Noah Baumbach gets up close and personal with his ‘Marriage Story’ actors
Though the films he’s written and directed have been most comfortable on the art house circuit rather than at big multiplexes, Noah Baumbach has always been able to attract major talent to be in his small, intimate productions. Among many others, he’s directed Nicole Kidman, Ben Stiller, Naomi Watts, Adam Sandler, Dustin Hoffman and Emma Thompson.
Constantly on the look for new talent, Baumbach also hired then wet-behind-the-ears actor Adam Driver for a part in his 2012 film “Frances Ha,” and now has him starring (with Scarlett Johansson) in their fourth collaboration, “Marriage Story,” which traces the dissolution of what once appeared to be a happy marriage. Baumbach, 50, recently got together with a group of journalists in New York City to chat about the film.
Q: “Marriage Story” is filled with really long takes, and there’s a lot of the camera staring at the actors. Was that the plan from the start?
A: Yeah, it was so much about performance, so I have nothing to hide behind. The actors are my special effect in a way. And when you have actors like this, you have the luxury, I find, to let them exist in the space. I found it was a way visually, on one hand, to let the actors really have their own rhythm and momentum. We rehearsed these scenes exhaustively, and they’re all very blocked out. But when you do cut, or when you go into a closeup after being sort of in the room and letting them breathe, I find that it has a different meaning. If you’re cutting throughout a scene, that’s fine. It might be right for some scenes. But when you have these actors in these spaces and this internal life that they’re bringing, it’s one of those things where a closeup can feel like the most interesting, greatest shot in a movie, ever. And you know, it’s just somebody’s face.
Q: The opening sequences work as something like a couple of movies-within-a-movie. It was an interesting way to meet the two main characters.
A: That’s a good way to describe it. And we shot it differently than we shot the rest of the movie. That portion of it is all hand-held. I think part of our feeling was that it’s these sort of ordinary moments that often go unnoticed during a day. What makes them extraordinary here is that somebody who loves you is pointing them out. And what it also set up is that these ordinary moments don’t go away even though the circumstances change. It’s still our days and it’s still true of these people, no matter what. So, when I was writing it and then when we shot it, it provided a lot for the movie. It not only told you about the characters, it told you, kind of in an introductory way, about the marriage. So, it really did give us a lot of opportunity and story and character that was going to continue for the rest of the movie.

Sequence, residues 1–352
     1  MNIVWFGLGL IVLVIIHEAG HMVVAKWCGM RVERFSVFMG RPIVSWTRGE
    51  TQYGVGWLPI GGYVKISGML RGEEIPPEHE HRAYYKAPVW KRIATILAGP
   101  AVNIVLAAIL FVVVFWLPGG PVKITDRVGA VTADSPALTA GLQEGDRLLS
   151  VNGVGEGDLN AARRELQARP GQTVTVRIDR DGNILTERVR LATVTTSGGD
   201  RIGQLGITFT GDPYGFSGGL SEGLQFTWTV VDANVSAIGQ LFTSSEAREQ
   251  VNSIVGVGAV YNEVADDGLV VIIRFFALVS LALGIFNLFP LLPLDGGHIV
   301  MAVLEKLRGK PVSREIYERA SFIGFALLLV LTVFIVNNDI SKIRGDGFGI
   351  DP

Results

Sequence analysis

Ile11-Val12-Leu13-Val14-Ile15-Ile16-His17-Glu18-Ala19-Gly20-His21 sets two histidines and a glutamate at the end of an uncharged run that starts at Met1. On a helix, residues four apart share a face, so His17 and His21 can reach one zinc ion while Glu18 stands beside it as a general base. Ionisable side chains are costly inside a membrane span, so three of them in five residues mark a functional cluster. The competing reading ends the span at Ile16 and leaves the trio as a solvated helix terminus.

Q: The casting is impeccable, not only with Adam and Scarlett, but also with the two lawyers, played by Laura Dern and Alan Alda. When you were writing, did you have these actors in mind?
A: Well, this is the fourth movie together for Adam and me, and we’re always in a conversation. We were always talking about what we might do next. So, when I was kind of circling what became this movie, Adam and I were already talking about it. And he was very much inside it for me and from the beginning. I knew Scarlett a little bit, and I reached out to her and said I think maybe this is something we could do together, and we had lunch. The first thing she said to me was, “I’m sorry I’m late. I was on the phone with my lawyer because I’m getting a divorce.” And I immediately thought who else could we go to. But to Scarlett’s credit, it was a reason (for her) to do the movie. And you can see it. You see that what she’s doing is so honest and close to her. As far as Laura, I’ve known her and I think it came as a surprise to us that we hadn’t worked together before. I brought her this idea and this character and she was just a great friend and collaborator and sounding board for ideas and things. I had actually never seen Alan in anything before. This was a total discovery for me. But I think he’s got a future. (laughs) No, Alan is exactly who you would hope he would be. I mean, whatever I projected onto him through the years of watching him and what I hoped he was, he is that and more, as an actor and as a person.
“Marriage Story” opens on Nov. 22.
Ed Symkus writes about movies for More Content Now. He can be reached at email@example.com.